Mariupol to Montreal: Ukrainian mother escapes 'hell on Earth' with two daughters

Hanna Kovalenko was leading a comfortable lifestyle with her husband and two little girls in Mariupol, Ukraine, when suddenly her hometown became the epicentre of a full-scale war.

Since the Russian invasion began on Feb. 24, a once-peaceful city of nearly 500,000 people turned into rubble in a matter of weeks, forcing Kovalenko to begin a difficult journey to Quebec where she and her daughters received a warm welcome from a fellow Ukrainian family and the Montreal community of Pierrefonds.

LIFE IN MARIUPOL UNDER FIRE

On the morning of Feb. 24, Kovalenko recalls turning on the TV and seeing Kyiv being bombed live on air. Hours later, explosions from the screen were now in front of her eyes, as she watched the nearest district get bombarded from her ninth-floor apartment.

As the top floors of nearby buildings were obliterated by Russian missiles, Kovalenko brought her daughters, seven-year-old Sofiia and five-year-old Veronika, into the basement of her friend's house. "It was freezing cold, below minus 10, so we couldn't even take off our boots or winter coats while we were hiding in that tiny basement," she said.

"There was no electricity or Internet, so we were completely cut off from the rest of civilization," said Kovalenko, adding that she had no way of contacting her husband, who was working in Kyiv at the time.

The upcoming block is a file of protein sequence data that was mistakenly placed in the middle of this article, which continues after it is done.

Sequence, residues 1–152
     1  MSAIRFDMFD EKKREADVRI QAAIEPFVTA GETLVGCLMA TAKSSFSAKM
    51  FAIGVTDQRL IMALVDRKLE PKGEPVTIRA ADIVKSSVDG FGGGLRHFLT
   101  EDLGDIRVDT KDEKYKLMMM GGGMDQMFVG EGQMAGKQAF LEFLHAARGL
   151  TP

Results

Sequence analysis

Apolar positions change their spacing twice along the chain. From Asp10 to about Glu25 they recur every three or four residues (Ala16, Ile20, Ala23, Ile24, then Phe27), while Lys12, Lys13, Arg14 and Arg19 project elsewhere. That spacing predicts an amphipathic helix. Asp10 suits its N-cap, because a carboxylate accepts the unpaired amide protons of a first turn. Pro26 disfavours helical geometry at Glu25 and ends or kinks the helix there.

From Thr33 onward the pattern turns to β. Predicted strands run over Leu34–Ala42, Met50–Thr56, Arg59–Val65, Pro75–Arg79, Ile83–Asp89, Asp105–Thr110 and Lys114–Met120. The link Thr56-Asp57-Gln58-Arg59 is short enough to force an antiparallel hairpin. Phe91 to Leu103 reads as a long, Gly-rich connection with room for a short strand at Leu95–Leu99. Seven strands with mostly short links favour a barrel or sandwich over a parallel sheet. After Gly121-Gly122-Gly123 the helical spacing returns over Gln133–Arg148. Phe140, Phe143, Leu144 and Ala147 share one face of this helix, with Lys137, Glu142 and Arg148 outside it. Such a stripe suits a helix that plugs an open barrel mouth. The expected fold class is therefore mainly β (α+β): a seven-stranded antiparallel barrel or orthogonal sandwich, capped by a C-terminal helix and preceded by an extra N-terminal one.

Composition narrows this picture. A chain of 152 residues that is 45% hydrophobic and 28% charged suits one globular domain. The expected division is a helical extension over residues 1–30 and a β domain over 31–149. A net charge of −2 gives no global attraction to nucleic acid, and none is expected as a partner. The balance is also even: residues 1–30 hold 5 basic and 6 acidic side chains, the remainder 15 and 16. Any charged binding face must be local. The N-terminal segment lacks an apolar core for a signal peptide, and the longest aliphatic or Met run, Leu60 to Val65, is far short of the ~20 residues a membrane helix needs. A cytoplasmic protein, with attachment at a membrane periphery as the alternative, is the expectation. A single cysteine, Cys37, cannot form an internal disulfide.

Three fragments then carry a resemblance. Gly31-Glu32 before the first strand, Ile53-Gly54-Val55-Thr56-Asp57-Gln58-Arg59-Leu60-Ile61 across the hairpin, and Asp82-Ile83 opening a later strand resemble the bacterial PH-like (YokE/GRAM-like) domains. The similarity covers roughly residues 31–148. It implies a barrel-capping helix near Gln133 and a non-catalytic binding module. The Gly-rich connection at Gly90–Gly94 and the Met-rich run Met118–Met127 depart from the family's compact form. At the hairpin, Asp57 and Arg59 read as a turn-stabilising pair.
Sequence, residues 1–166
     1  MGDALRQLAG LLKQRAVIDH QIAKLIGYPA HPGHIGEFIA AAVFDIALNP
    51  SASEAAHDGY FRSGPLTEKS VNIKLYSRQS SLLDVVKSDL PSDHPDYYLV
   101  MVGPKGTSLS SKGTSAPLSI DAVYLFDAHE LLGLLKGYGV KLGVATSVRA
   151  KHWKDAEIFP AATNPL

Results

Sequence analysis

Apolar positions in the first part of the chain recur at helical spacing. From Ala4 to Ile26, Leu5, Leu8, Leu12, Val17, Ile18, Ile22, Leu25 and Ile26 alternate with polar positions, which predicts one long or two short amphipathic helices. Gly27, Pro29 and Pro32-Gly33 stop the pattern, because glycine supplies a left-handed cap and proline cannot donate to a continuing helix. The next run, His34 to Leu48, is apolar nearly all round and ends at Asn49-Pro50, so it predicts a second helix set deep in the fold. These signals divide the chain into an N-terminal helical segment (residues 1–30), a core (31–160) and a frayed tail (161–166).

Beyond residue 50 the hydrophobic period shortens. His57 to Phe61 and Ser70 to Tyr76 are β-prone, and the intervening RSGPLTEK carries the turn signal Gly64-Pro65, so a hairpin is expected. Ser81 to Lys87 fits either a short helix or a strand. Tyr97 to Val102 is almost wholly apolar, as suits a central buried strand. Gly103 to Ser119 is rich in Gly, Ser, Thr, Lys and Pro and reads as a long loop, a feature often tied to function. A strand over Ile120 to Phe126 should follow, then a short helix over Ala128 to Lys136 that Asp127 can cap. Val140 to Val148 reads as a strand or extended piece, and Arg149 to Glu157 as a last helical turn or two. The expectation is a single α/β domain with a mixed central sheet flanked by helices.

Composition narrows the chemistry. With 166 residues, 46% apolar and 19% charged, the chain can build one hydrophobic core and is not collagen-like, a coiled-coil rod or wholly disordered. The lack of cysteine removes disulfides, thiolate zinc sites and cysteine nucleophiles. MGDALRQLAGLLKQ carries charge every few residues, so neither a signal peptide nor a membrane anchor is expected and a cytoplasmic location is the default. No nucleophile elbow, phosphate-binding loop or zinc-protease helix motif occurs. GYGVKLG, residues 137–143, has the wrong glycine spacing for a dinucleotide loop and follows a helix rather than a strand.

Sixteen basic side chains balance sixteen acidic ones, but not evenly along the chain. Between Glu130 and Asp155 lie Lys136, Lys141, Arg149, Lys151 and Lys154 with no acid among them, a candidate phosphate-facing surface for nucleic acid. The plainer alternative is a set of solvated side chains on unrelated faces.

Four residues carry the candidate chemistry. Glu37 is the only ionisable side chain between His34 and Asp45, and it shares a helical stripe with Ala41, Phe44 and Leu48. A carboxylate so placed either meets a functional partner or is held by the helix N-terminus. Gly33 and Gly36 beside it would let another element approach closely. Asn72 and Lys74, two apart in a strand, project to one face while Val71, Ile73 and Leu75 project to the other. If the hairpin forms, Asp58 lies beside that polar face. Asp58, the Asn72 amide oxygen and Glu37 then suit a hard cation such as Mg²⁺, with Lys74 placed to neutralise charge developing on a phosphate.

Her daughters could only have five sips of water at a time, as the water supply in Mariupol was critically low. Since gas was no longer available, they had to make a fire outside under constant bombardments to warm up a meal.

"Why did we deserve this? We did not need to be 'liberated' — not once have I faced discrimination for speaking Russian in a city where most of us speak Russian, where we can choose what language to speak!" Kovalenko exclaimed, referring to Vladimir Putin's claim regarding "the discrimination of the Russian-speaking population" in eastern Ukraine earlier in February.

Around 21,000 civilians were killed in Mariupol during the 85-day siege, according to the port city's mayor Vadym Boychenko. This includes nearly 600 civilians who died in the Mariupol drama theatre from the Russian strike of two 500kg bombs — which Amnesty International has called a "clear war crime."

The once-lively streets had turned into a cemetery under a grey sky. Kovalenko recalls seeing graves next to shops and schools, with many of them missing information on who exactly was buried.

"I saw two little corpses covered by a blanket: two children who were killed by a missile inside their apartment. Some were leaving bodies on elevated surfaces so that at least they wouldn't be torn apart by hungry dogs — and this is in the 21st century," she added.

A HIGH-RISK JOURNEY TO SAFETY

As living conditions were becoming unbearable and resources were scarce, Kovalenko decided to escape the warzone with her daughters. On March 17, as Russian troops marched down the streets of Mariupol with assault rifles, Kovalenko got into her small car and drove her girls out of the city.